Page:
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June 1990

Does Multiple-Dose Charcoal Therapy Enhance Salicylate Excretion?

Author Affiliations

From the Departments of Pharmacology and Therapeutics (Mr Kirshenbaum and Drs Sitar and Tenenbein), Pediatrics and Child Health (Ms Mathews and Dr Tenenbein), and Medicine (Drs Sitar and Tenenbein), University of Manitoba; and the Manitoba Poison Control Centre (Dr Tenenbein), Winnipeg, Canada.

Arch Intern Med. 1990;150(6):1281-1283. doi:10.1001/archinte.1990.00390180099018

• Multiple-dose charcoal therapy has been shown to increase the excretion of some drugs. This study assesses the effects of this intervention on salicylate excretion in the postabsorptive phase. Ten human volunteers participated in this randomized, controlled, crossover, two-limbed protocol. On two occasions each volunteer ingested 2880 mg of aspirin. During the experimental limb, 25 g of activated charcoal was ingested at 4, 6, 8, and 10 hours after drug ingestion. Pharmacokinetic data were derived from serial serum salicylate concentrations, and urinary salicylate excretion was quantified. Treatment effects were 9% and 18%, respectively. Although both are significant, they are clinically modest, making multiple-dose charcoal therapy of questionable value for acute salicylate poisoning. Controlled data demonstrating the clinical efficacy of this therapy are required to validate it as an intervention for this condition.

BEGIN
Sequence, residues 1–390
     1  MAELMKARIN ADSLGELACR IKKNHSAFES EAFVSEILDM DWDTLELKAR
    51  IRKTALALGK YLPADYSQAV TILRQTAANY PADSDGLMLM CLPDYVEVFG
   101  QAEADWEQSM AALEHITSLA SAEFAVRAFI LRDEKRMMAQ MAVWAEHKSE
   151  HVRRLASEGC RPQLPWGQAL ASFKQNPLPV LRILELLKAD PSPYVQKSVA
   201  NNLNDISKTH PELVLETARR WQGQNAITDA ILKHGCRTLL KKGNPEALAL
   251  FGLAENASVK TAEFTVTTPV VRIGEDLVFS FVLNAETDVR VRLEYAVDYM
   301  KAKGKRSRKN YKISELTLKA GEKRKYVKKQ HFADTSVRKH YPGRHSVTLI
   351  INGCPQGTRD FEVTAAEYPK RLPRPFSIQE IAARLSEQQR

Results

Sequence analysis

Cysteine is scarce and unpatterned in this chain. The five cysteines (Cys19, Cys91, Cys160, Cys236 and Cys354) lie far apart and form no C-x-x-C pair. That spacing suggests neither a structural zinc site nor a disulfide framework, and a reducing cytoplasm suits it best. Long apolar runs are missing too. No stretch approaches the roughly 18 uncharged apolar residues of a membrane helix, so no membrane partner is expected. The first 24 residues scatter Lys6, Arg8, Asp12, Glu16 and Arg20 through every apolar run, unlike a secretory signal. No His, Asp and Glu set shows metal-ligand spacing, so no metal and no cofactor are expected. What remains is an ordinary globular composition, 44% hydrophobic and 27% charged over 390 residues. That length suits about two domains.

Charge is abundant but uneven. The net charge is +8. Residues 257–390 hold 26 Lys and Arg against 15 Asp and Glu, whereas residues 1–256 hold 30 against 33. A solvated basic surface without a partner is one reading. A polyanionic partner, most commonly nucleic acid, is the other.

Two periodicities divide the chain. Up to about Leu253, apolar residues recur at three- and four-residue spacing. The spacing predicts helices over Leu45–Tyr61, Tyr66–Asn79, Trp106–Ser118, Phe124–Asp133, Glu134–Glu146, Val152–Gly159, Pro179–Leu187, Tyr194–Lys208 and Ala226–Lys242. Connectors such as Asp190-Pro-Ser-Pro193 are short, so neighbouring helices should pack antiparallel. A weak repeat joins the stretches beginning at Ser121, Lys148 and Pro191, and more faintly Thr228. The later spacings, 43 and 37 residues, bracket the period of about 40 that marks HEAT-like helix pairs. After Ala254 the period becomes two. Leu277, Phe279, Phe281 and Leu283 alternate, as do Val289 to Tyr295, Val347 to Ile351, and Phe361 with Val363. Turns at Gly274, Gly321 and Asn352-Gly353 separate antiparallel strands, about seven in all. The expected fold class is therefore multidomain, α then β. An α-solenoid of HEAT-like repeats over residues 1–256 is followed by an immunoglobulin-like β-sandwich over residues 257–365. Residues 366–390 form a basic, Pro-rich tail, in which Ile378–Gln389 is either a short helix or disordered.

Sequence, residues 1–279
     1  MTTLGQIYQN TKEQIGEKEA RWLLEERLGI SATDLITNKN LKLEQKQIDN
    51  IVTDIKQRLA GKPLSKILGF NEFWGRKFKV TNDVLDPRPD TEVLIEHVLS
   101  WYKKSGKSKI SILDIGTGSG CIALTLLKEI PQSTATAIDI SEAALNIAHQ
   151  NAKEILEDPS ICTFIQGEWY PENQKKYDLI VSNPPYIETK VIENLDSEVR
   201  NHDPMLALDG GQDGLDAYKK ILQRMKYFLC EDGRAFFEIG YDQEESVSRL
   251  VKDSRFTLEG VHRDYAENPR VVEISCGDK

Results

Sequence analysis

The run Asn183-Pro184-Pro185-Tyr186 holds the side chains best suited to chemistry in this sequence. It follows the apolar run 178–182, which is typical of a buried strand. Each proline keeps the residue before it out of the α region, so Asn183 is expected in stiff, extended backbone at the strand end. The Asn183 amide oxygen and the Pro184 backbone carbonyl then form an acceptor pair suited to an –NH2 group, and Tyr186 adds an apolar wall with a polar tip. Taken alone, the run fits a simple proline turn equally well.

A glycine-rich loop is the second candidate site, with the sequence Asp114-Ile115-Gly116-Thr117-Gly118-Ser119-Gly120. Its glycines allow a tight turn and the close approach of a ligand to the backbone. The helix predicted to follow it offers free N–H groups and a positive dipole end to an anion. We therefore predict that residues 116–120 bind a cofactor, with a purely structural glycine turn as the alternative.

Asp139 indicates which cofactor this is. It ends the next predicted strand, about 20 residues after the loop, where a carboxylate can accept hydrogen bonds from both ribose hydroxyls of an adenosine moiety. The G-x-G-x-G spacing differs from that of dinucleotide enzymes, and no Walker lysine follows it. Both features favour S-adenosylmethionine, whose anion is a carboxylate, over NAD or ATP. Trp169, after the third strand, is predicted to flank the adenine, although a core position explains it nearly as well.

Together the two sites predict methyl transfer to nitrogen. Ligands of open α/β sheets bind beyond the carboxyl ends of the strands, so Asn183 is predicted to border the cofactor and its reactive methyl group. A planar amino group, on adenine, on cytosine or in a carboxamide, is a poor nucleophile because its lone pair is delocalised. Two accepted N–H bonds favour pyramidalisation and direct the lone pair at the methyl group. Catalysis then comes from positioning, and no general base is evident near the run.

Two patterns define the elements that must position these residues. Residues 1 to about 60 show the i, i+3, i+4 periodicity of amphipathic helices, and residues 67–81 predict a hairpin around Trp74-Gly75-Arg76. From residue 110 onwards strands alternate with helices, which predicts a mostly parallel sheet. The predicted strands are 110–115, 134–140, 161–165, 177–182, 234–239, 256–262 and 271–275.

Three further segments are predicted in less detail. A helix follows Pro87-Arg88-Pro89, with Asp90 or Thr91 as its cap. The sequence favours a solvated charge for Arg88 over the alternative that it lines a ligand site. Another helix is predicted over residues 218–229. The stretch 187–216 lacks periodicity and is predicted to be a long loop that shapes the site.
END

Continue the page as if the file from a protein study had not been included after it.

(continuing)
(Arch Intern Med. 1990;150:1281-1283)